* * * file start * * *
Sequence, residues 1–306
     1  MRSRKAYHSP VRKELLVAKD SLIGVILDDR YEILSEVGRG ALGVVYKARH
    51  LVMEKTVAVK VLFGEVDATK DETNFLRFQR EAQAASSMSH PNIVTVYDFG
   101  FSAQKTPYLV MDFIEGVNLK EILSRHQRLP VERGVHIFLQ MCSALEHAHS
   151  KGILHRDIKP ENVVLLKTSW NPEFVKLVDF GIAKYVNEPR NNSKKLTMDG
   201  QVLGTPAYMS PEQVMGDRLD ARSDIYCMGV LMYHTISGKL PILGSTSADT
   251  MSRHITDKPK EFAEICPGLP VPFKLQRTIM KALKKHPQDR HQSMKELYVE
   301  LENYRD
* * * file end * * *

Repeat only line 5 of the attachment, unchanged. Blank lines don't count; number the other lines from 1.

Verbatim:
   151  KGILHRDIKP ENVVLLKTSW NPEFVKLVDF GIAKYVNEPR NNSKKLTMDG